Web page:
By Tom Ozimek
California, with its relatively large tax burden compared to other states, has seen a taxpayer exodus in recent years and, along with it, billions in taxable gross income.
State-to-state migration data recently released by the Internal Revenue Service (IRS) shows that California lost an estimated net 70,534 households—or 165,355 taxpayers and their dependents—in the years 2017-2018, with those fleeing taking around $8.8 billion in net adjusted gross income with them.
Interstate migration flows are influenced by a number of factors, including retirement, job opportunities, and housing costs. Brandon Ristoff, a policy analyst with the California Policy Center, told Center Square that the flight of billions of dollars from California is driven by the state’s “bad policies on the economy, education and more.”
“California used to be a place where everyone wanted to live, but now California has become a place where people want to leave,” he told the outlet.
The top three beneficiaries of the California exodus were Texas, Arizona, and Nevada. The bulk of the departing Californians filed their taxes in Texas, with the Republican-led state seeing a net inflow of 72,306 taxpayers and their dependents, and a gross income boost of some $3.4 billion.
An estimated 53,476 Californians relocated to Arizona, bringing with them around $2.2 billion in gross income. Nevada welcomed 49,745 California taxpayers and their dependents, along with a gross income of $2.3 billion.
There is little agreement among experts as to how large a role taxes play in state-to-state migration.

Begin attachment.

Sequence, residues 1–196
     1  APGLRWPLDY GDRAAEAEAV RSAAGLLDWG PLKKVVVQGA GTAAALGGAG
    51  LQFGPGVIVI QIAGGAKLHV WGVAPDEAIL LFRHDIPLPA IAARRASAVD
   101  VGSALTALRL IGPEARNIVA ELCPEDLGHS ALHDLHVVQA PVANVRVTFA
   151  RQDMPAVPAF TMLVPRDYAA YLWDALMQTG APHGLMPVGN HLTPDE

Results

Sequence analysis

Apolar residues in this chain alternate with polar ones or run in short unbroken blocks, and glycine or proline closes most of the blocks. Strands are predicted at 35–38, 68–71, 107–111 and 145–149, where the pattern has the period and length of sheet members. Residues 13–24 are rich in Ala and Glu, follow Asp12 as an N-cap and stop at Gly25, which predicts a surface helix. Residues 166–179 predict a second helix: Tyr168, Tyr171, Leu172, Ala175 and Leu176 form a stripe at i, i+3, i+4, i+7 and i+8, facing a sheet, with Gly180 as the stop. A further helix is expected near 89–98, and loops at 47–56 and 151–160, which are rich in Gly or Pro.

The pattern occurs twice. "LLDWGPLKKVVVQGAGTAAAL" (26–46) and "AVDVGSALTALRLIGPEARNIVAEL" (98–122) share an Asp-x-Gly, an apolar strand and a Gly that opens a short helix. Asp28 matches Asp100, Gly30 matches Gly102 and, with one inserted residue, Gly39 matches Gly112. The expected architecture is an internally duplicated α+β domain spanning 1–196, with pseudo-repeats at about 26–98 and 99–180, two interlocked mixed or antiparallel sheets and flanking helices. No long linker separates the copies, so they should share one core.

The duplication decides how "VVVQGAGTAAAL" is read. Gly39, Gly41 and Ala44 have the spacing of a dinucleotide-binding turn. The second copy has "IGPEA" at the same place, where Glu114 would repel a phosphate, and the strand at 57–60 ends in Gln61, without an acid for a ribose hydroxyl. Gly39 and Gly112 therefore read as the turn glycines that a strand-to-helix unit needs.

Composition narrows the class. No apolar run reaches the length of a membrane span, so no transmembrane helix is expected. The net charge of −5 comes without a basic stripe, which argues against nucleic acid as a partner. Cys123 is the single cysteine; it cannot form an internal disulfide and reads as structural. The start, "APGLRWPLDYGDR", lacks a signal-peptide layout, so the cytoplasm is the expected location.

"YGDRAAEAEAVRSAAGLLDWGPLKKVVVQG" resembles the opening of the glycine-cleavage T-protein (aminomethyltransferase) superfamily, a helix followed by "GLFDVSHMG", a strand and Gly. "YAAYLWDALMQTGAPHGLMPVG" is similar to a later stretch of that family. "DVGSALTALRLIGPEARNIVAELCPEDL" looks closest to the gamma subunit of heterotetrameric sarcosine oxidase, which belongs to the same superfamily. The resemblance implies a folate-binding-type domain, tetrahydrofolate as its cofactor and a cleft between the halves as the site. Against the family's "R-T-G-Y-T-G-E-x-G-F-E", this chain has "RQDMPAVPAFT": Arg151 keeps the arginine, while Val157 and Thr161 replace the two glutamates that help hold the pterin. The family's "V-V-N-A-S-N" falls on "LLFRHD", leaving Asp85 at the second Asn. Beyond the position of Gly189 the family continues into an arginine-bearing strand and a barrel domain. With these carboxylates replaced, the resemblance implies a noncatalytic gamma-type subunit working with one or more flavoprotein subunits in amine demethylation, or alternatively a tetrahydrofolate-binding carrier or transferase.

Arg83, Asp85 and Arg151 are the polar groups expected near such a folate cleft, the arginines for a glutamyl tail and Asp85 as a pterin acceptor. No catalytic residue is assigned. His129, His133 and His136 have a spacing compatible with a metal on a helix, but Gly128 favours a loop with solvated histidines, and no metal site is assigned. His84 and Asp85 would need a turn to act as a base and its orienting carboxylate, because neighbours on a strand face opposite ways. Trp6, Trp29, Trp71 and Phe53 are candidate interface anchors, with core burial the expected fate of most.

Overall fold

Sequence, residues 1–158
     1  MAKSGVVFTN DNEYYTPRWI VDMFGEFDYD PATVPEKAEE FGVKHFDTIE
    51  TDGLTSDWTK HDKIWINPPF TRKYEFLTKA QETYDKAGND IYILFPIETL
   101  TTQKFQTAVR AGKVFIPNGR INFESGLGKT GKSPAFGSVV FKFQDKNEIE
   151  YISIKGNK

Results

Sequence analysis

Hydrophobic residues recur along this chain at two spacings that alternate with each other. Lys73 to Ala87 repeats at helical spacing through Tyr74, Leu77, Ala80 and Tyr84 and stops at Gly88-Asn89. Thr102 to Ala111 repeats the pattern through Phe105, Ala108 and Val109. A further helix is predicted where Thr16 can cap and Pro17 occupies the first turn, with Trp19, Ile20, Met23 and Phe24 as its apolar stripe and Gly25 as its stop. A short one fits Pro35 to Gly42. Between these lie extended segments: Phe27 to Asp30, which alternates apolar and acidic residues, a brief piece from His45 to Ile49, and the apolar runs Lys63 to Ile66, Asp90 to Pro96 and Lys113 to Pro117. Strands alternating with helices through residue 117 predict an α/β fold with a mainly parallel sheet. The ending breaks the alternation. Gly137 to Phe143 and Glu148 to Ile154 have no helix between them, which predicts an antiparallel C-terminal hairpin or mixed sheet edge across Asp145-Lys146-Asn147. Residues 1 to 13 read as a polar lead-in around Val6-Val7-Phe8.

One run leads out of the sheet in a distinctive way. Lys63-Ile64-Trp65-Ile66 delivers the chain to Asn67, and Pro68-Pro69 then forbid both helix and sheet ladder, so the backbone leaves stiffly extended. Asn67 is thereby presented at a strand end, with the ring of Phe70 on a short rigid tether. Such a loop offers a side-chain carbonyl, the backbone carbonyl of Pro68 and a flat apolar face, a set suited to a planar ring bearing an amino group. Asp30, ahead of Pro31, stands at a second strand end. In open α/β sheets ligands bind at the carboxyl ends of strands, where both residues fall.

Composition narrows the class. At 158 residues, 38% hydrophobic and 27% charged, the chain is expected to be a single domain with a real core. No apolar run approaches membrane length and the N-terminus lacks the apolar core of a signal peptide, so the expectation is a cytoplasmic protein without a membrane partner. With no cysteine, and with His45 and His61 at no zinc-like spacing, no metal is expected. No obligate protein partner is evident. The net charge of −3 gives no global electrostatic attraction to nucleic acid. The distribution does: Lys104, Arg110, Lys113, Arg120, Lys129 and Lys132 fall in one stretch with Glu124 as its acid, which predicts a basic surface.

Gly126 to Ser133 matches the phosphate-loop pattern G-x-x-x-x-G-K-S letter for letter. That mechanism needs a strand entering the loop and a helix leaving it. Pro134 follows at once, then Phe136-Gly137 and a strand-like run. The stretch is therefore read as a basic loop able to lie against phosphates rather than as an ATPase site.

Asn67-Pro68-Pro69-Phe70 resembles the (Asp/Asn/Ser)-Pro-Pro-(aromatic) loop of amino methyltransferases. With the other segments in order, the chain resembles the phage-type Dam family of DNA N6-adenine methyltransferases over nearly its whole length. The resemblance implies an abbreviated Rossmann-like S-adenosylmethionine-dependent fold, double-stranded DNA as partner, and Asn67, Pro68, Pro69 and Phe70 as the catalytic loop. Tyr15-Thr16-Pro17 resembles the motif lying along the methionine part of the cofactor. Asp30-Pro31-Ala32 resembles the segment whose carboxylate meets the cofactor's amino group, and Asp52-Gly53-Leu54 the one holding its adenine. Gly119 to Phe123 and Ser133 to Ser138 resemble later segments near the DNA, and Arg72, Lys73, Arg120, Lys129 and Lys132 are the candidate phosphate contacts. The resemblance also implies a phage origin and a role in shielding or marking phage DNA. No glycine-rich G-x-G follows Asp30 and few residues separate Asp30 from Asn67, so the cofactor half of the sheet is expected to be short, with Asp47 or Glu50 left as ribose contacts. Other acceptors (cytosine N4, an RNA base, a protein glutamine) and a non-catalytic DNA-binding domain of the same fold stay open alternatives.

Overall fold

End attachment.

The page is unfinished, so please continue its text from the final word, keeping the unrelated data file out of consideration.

A routine Census Bureau survey asks people who move any distance the main reason for their decision to relocate, including employment, housing, going away for college, crime, or to join a significant other. The most popular choices in 2019-2020 (xls), ranked according to popularity, were “wanted newer/better/larger house or apartment,” followed by “new job or job transfer,” “to establish own household,” “other family reason,” “wanted to own home, not rent,” and “wanted cheaper housing.”
The least popular were “natural disaster,” “change of climate,” and “foreclosure or eviction.”
But while taxes were not part of the Census Bureau survey, a 2018 analysis by the Cato Institute argued that taxes do influence migration, and said tax-related motivations could be inferred from some of the Census Bureau survey’s responses.
“The Census Bureau does not ask movers about taxes. But some of the 19 choices may reflect the influence of taxes. For example, people moving for housing reasons may consider the level of property taxes since those taxes are a standard item listed on housing sale notices. Similarly, people moving for new jobs may consider the effect of income taxes if they are, for example, moving between a high-tax state such as California and a state with no income tax such as Nevada,” the institute wrote in the analysis.
California, with its state-local effective tax rate of 11.5 percent, ranked eighth highest in terms of the state-local tax burden for 2019, according to a Tax Foundation analysis. Texas, by contrast, with a state-local effective tax rate of 8 percent, ranked 47th. Arizona, with a state-local effective tax rate of 8.7 percent, ranked 45th, while Nevada, at 9.7 percent, came in at 29th.
According to the Tax Foundation’s 2021 State Business Tax Climate Index, California’s ranking was even more grim, second only to New Jersey, which the foundation labeled as least tax-friendly.
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